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Ask Niki: Vinegar

HFG editor Niki Bezzant answers your questions about food.

Q: “I love vinegar! Malt mostly, but also white, balsamic, red wine and cider vinegar… I add vinegar to a lot of things and I would like to know more about it.”

Charlotte

A: Our word vinegar comes from the French word ‘vinaigre’ (literally ‘sour wine’). If you left grape juice in the right conditions, exposed to air, it would eventually turn into vinegar as the juice ferments: naturally occurring microflora and yeasts devour the sugars in the liquid and convert them into alcohol. Acetic bacteria invade and consume the alcohol, and in turn change the alcohol into acid, making vinegar. Vinegar we buy is made in a more tightly-controlled, manufacturing setting but the basic premise is the same. Vinegar can also be made from barley, sherry, cider or rice.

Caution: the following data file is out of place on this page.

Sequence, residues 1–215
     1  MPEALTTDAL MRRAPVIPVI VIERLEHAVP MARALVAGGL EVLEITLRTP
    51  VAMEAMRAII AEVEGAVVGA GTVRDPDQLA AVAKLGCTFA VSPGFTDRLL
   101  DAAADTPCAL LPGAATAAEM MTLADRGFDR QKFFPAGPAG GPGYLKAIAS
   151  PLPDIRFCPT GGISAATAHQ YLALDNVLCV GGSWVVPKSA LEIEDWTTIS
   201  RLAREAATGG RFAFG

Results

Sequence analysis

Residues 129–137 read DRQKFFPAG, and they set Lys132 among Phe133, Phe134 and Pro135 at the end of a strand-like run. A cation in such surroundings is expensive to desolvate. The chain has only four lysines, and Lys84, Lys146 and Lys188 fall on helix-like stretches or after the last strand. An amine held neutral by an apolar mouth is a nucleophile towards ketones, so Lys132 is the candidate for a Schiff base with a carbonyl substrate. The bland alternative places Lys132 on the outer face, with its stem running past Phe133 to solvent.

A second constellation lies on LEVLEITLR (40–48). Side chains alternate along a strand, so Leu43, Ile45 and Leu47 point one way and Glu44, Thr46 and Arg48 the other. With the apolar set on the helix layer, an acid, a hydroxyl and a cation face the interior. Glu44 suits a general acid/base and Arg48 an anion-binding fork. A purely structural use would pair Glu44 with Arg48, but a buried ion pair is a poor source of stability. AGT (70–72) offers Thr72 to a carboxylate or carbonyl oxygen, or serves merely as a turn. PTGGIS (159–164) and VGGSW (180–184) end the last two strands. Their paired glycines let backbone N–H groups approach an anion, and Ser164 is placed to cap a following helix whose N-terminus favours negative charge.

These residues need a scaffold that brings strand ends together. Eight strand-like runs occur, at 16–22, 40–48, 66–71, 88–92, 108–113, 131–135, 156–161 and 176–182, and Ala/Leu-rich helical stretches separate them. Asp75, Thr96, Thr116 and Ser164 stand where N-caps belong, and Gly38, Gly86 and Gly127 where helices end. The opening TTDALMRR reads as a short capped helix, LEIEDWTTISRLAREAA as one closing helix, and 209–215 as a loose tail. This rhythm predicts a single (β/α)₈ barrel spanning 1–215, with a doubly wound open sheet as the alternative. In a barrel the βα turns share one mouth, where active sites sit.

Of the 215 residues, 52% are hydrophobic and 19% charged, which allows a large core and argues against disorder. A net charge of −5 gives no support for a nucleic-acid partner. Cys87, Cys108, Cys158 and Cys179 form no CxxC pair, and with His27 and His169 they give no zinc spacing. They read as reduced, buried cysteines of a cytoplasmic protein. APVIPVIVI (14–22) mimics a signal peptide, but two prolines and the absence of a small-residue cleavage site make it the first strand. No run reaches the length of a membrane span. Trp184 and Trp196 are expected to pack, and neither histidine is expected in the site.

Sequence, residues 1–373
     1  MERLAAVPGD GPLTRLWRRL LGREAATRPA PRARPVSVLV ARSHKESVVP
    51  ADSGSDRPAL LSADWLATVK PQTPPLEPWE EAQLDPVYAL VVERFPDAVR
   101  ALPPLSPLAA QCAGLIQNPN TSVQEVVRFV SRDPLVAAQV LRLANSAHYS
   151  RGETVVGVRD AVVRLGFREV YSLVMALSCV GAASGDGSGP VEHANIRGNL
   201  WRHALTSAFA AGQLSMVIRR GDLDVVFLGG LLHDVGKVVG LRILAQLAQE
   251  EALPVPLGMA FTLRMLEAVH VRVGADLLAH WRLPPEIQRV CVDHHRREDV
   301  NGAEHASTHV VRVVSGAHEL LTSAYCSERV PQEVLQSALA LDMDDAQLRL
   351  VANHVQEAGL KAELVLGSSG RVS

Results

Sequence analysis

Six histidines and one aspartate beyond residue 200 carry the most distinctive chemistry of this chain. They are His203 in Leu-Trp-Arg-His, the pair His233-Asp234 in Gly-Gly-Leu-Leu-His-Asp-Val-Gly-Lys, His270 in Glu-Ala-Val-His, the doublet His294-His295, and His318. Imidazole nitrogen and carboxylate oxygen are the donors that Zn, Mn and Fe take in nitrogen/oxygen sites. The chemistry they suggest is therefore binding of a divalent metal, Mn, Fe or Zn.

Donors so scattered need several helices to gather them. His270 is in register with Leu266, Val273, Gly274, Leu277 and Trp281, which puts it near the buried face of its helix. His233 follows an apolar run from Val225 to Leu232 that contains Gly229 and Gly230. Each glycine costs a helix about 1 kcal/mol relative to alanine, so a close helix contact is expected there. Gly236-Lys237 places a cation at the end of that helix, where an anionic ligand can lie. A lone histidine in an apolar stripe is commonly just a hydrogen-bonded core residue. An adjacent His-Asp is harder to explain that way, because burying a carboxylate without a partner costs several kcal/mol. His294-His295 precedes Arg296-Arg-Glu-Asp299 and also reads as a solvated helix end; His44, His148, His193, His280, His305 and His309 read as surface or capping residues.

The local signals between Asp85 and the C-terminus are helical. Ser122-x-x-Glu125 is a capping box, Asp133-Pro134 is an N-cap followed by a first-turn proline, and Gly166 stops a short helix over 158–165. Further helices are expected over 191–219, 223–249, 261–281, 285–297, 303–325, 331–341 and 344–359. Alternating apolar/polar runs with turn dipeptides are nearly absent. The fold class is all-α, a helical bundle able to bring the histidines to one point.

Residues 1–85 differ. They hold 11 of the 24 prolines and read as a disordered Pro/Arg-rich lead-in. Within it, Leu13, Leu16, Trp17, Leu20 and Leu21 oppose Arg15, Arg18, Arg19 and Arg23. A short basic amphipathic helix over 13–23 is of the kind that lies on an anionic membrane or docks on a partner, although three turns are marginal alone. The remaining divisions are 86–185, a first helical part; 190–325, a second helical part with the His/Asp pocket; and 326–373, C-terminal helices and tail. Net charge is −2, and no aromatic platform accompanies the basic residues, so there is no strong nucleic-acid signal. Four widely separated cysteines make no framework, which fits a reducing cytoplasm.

Balsamic vinegar is made from unfermented grape juice aged in wooden casks. Like wine, it can be aged for many years and takes a great deal of skill to craft. True aged balsamic vinegar is thick and syrup-like and is used as a condiment or even drunk on its own. (Some ‘balsamic’ vinegar we buy is not true aged but coloured and flavoured to resemble balsamic vinegar.)

Malt vinegar is made from malted barley and has a strong flavour. It is most commonly used in pickling, preserves, and on fish and chips.

Rice vinegar, most common in Asian cuisines, is made from soured and fermented rice wines.

Vinegar is gluten-free unless it is malt vinegar (made from barley).

First published: Jan 2013



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